I don’t think I’ve yet talked about my teaching this semester. I’m currently teaching “The Process of Composition,” which is the first of our two-semester FYC sequence. Our current project is creating audio tours of campus, which is a new assignment for me. The class has divided into groups and each group chose a theme such as resources useful for new students and biographies of the people for whom various buildings were named.
After choosing a theme and a target audience, each group decided upon locations and then they conducted research — the University Archives, interviews, literature from the Web and flyers, etc. I had them use a Wiki to organize the work, share information, and write and edit scripts for each location. They then conducted live walk-throughs of the tour with their group and revise the scripts again. We’re now in the process of doing full class walk-throughs of each tour. They will take the scripts through one more revision and then turn them in to me for comment. They’ll revise again and then record their scripts. The DIY media lab has the necessary equipment and it’s easy to use.
We’ll have to talk about recording strategies such as recording in short takes, pausing and repeating fumbled words and sentences, and the like. Digital audio editing software makes cutting and splicing easy, which makes the process of producing a good quality product feasible for a FYC class. While the revised scripts are due next week, I’m giving them the rest of the semester to hand me a CD with their tour. By mid-December, I should be walking around campus listening to their tours on my iPod.
Now that we’re in the live walk-throughs, we’re really getting to deal with many of the specific issues I’d hoped this assignment would highlight. Providing usable directions, for instance, requires a level of specificity many students aren’t used to providing, and because the tours are of physical, tangible, spaces and things in those spaces, we’re discussing attention to details and using concrete examples. And, of course, there are issues of audience. But the issue I’m finding the live walk-throughs most foregrounding is that of organization: There’s nothing like starting on the first floor of the Student Center in front of the bookstore to hear an introduction to the building, then walking down a flight of stairs to the basement and down a long hallway to visit the second location, then back up the hallway to visit the third location, and then back down the hallway to a fourth and then back up the hallway and up the stairs to the second floor, and then, finally, returning to the point at which you began on the first floor to finally learn about the bookstore to get the whole class to start thinking about importance of organizing information rather than including each idea as it comes to mind.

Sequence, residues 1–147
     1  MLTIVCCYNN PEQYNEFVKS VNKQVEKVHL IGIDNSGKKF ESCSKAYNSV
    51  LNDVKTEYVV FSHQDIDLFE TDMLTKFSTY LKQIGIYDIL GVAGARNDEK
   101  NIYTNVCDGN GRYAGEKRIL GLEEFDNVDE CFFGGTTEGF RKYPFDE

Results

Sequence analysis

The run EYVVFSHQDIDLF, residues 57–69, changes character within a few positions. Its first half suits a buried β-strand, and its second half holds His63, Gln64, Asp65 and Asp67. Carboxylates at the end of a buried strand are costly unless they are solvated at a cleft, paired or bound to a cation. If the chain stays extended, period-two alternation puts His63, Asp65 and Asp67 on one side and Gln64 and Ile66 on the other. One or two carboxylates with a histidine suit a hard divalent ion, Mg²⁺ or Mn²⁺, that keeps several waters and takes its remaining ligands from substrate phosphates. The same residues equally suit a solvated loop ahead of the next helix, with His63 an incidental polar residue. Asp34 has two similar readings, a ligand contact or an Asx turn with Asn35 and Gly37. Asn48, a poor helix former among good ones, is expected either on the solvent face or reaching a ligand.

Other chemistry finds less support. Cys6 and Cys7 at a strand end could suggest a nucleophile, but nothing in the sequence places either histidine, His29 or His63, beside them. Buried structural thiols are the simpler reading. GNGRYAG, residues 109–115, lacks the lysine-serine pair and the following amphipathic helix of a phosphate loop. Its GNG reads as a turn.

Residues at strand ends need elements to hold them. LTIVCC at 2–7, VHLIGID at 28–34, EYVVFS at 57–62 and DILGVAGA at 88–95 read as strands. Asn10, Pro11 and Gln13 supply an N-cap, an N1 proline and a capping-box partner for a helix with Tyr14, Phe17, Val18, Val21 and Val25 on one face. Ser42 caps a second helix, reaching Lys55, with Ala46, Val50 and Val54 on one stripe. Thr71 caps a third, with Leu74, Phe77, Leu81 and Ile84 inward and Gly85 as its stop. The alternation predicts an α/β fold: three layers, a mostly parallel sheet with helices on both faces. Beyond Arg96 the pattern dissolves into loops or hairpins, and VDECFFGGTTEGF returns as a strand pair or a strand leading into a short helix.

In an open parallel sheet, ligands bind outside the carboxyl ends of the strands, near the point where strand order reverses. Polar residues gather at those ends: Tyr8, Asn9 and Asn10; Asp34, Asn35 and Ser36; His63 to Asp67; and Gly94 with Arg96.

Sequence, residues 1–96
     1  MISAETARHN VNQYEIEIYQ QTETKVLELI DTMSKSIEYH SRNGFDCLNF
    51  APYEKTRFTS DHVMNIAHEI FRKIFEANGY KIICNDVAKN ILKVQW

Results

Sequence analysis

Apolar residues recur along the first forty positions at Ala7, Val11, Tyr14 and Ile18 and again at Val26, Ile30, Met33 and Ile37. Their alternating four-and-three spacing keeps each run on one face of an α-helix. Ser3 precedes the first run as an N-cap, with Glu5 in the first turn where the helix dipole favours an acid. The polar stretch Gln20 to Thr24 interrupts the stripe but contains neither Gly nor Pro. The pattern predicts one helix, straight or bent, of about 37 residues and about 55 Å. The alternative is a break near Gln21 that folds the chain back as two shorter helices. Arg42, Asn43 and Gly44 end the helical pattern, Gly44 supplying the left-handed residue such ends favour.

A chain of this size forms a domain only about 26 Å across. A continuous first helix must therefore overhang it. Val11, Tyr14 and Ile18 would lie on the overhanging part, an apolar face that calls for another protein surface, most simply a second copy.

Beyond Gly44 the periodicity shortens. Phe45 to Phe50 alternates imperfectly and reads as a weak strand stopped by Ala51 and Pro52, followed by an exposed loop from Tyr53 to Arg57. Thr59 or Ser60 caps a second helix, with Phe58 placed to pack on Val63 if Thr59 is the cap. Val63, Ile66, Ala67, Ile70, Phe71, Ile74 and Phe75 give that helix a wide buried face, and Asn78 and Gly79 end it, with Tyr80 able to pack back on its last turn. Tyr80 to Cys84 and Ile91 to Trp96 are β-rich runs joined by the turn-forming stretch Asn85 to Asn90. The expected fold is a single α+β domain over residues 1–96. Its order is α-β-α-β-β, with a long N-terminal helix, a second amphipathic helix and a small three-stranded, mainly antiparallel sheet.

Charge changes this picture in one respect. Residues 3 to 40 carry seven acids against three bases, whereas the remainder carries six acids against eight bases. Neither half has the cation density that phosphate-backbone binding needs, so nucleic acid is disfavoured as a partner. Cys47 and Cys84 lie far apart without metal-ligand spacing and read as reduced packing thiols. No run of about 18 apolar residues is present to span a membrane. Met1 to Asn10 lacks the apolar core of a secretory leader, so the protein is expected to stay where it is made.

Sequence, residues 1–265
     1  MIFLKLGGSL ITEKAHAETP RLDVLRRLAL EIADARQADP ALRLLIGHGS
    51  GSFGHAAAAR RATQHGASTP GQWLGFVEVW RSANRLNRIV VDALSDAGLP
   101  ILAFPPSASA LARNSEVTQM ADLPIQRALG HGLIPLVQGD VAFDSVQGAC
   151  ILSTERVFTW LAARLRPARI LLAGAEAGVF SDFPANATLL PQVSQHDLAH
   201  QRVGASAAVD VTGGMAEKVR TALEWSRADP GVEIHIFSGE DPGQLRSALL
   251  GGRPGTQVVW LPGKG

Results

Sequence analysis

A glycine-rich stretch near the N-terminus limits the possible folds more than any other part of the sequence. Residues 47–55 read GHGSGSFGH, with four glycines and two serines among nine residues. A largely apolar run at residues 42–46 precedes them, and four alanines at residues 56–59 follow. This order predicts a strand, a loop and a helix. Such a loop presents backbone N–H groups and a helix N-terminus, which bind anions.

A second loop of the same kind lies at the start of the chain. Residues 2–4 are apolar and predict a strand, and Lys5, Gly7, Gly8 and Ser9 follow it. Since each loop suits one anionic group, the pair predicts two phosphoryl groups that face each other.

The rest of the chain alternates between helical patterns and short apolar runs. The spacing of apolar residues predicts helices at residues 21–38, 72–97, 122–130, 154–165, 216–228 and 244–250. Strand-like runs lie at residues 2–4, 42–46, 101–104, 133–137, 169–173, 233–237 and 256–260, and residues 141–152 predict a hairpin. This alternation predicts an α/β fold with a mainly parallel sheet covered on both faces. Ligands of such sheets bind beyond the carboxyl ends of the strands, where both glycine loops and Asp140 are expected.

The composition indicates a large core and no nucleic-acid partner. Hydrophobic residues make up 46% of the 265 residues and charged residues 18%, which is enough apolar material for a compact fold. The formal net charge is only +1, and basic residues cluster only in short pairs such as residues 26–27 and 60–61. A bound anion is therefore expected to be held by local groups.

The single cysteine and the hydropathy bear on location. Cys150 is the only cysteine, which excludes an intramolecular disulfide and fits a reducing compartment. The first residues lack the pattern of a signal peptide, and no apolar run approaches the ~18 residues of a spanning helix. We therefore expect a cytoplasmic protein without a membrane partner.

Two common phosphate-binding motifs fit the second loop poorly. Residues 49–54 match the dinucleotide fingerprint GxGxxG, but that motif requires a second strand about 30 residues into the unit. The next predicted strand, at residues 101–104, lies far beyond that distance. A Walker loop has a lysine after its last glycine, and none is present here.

The second half of the course is going to incorporate visual rhetoric and design. We’ll be using Geoff Sirc’s “Basic Box” assignment in Writing New Media to discuss both document design and the combination of the visual and the verbal, and we’ll end with a large two-part project I’m calling “Realms of American Memory,” which is inspired by Pierre Nora’s massive project Lieux de mémoire. (While I disagree with Nora’s claim that lieux de mémoire [sites or realms of memory] are a modern phenomena, it’s an important concept for my dissertation and there’s much overlap with commonplaces, sensus communis, and ideographic criticism.) Any way, it’ll be another group project and each group will choose a different site of American memory and will create both a visual exhibition and a series of essays (or one large essay) exploring their particular subject. The visual exhibition assignment, I should note, is a modified version of Cindy Selfe’s “Making a Visual Exhibition” in Writing New Media. I thought about having the Realms project be done as Web sites, but since some of the images will likely be copyrighted (we will discuss issues of copyright, fair use, and proper documentation), I’ve decided to have them create poster exhibits which will be on display in the library next spring. More as the semester progresses.